from headquarters Abstract Service Available On-Line For 47 years AMS has been publishing the only fields. Once a subscriber finds a described abstract, abstract service devoted exclusively to covering the subject headings are hot-linked to other abstracts in world's meteorology, climatology, atmospheric chem- that subject area. istry and physics, physical oceanography, hydrology, One of the most innovative aspects of this product and related earth sciences literature. Throughout its is the ability to interact with MGA editors and other publication history, the Meteorological and subscribers. Subscribers can post queries and submit Geoastrophysical Abstracts (MGA) has reached sev- pertinent comments about the features of the Web site. eral milestones, including expanding its database to In addition, this site offers a "news" area, containing encompass more than 180 000 abstracts and offering items describing new information sources from com- MGA on CD-ROM. The latest milestone is the devel- mercial publishers, universities, and government opment of MGA on the Web, which was demonstrated organizations. at AMS's 77th Annual Meeting in early February. As with the print version, MGA on the Web pro- vides coverage from over 400 sources, such as jour- Inforonics, based in Littleton, Massachusetts, has nal articles, conference proceedings, books, technical been producing and distributing MGA for AMS since reports, monographs, series, and annuals. The Web 1991; they have been compiling the electronic data- edition, as well as the print, is updated monthly with base since 1972. The company has developed a con- as many as 750 new abstracts. trolled access gateway to MGA on the Web, containing a fully searchable database of the past 23 years' worth A demonstration site containing 15 000 abstracts of meteorological and related sciences literature. is available at http://www.mganet.com. Users may sample the product and provide feedback to Subscribers to MGA on the Web can formulate Inforonics. searches using 19 indexes created from author, title, bibliographic, subject index, UDC code, and abstract * K 4 > \ •III HllMiHHMHHH i ••••••••lli l Weathe r Catastrophes In the 10 years 1937-1946, there were 96 weather catastrophes in the United States causing 3137 deaths, or 10.5 and 24.2% of the respective totals of all catastrophes in this period, according to a com- pilation of the Metropolitan Life Insurance Company, published in their Statistical Bul- letin, Mar., 1947, pp. 1—4. By "catastrophe" is meant an accident or condition killing 5 or more people. There were 14 occasions when the loss of life was 100 or more, of which 6 were weather, ranking 1st (1938 hurricane, 682 lives), 3rd (1937 Ohio-Mis- sissippi valley floods, claiming 360), 7th (Feb.-Mar. 1938, southern California floods, 181), 9th (1944, June 23 tornadoes in Pa., W. Va.,andMd., 159), 11th (1945, Apr. 12, tornadoes in Okla., Mo., and Ark., 119), and 13th (1942, Mar. 17, tornadoes in south- ern and midwestern states, 111).—C. F. B. Bull. Amer. Meteor. Soc., 28, 175. 700 Vol. 78i, No. 4, April 1997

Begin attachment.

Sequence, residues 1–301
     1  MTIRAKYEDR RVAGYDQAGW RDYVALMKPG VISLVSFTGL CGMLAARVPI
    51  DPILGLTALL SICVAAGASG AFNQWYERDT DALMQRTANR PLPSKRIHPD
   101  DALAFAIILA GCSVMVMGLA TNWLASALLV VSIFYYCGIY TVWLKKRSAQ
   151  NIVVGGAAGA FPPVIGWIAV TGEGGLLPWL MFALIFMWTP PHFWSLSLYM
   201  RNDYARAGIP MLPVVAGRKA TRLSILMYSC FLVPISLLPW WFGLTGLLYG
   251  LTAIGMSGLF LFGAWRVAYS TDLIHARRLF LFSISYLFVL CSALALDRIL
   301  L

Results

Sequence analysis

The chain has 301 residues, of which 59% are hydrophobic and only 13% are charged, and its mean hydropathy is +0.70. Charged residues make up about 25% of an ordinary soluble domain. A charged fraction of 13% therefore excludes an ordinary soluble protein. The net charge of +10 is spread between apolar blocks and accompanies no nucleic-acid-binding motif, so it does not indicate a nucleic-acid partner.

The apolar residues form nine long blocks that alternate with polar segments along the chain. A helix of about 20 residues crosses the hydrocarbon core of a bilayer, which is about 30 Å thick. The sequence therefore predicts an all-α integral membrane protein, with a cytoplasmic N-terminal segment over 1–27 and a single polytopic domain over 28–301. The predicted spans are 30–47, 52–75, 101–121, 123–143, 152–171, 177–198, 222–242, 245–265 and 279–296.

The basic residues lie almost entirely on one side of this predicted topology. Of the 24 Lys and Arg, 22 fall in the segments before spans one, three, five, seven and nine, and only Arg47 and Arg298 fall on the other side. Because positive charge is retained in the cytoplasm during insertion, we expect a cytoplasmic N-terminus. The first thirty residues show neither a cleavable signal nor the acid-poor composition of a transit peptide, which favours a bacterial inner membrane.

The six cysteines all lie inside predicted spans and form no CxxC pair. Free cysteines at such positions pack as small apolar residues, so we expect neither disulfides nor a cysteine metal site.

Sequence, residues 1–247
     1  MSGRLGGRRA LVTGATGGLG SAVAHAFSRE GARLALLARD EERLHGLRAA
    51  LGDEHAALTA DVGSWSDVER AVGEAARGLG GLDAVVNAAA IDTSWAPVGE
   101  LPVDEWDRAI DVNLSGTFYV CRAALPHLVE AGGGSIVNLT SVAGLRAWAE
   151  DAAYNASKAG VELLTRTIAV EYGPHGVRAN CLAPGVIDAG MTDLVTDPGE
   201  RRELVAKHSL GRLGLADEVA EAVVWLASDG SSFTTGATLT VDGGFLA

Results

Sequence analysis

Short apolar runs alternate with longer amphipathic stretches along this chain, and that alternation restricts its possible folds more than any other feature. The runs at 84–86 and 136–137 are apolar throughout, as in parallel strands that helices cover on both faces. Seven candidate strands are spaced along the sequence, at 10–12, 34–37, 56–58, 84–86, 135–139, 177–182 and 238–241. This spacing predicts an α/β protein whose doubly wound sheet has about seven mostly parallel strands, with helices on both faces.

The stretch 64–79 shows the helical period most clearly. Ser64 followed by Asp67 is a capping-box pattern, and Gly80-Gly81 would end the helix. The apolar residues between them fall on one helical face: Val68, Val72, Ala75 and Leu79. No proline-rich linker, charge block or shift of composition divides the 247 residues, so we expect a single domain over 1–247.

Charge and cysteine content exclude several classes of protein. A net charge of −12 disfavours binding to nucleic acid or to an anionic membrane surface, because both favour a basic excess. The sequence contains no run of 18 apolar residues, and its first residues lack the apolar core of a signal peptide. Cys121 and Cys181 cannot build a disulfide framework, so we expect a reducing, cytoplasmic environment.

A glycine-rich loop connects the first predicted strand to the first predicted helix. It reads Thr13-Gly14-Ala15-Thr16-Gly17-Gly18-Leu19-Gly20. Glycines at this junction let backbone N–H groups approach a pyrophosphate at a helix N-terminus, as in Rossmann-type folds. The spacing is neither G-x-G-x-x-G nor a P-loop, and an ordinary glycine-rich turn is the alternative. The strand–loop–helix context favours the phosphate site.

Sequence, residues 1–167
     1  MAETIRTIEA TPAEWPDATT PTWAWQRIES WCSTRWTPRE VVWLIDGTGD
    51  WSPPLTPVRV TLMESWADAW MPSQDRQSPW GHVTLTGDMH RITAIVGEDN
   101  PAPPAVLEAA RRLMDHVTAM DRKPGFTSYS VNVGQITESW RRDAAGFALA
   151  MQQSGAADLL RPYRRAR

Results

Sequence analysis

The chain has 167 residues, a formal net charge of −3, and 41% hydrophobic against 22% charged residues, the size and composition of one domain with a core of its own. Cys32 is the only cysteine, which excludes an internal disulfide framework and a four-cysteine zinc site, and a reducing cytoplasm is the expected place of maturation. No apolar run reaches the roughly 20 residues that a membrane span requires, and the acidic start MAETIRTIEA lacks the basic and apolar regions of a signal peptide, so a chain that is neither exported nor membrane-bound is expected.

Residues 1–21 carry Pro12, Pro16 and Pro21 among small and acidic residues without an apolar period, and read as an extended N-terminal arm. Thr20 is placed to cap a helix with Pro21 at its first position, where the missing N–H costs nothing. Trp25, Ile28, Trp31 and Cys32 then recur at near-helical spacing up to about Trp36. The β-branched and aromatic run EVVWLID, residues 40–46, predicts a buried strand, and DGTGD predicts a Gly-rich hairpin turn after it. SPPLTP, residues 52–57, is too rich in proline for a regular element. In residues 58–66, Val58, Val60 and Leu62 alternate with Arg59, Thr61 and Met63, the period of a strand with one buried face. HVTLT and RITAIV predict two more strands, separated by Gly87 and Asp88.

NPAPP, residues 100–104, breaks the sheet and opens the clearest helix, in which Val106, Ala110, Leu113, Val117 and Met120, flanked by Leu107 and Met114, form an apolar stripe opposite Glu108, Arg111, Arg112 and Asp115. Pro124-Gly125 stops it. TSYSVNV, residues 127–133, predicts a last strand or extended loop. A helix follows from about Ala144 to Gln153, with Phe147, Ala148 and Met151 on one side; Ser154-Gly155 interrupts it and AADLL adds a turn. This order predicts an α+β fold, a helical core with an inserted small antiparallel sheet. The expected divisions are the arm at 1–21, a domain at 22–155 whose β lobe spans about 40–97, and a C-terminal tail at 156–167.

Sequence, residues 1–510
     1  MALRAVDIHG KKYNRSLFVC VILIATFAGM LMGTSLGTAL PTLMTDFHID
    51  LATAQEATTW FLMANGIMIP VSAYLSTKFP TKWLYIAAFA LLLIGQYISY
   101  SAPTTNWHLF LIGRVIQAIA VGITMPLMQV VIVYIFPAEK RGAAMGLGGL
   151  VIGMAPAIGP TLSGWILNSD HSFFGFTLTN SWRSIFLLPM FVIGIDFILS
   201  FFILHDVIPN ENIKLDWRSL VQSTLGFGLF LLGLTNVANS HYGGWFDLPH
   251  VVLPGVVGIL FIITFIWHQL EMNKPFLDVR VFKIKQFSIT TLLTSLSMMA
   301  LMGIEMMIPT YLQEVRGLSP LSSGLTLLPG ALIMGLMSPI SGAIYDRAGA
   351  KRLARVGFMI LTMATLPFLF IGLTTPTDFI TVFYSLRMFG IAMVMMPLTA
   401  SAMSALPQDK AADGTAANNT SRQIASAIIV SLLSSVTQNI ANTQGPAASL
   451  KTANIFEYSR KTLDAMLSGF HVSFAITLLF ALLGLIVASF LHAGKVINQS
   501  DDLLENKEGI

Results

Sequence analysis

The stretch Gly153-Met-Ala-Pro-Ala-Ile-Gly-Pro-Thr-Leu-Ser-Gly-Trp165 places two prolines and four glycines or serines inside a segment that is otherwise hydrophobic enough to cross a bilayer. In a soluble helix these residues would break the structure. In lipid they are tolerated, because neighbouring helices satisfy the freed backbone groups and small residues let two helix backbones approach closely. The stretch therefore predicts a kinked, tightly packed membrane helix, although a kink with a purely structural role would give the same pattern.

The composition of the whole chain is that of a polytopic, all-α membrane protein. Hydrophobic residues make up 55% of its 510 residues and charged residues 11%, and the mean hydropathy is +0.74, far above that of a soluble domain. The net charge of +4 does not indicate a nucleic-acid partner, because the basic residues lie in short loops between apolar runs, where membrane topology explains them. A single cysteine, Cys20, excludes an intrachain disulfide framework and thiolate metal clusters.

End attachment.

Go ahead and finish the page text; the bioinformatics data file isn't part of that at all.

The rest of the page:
Bulletin of the American Meteorological Society – American Meteorological Society
Published: Apr 1, 1997
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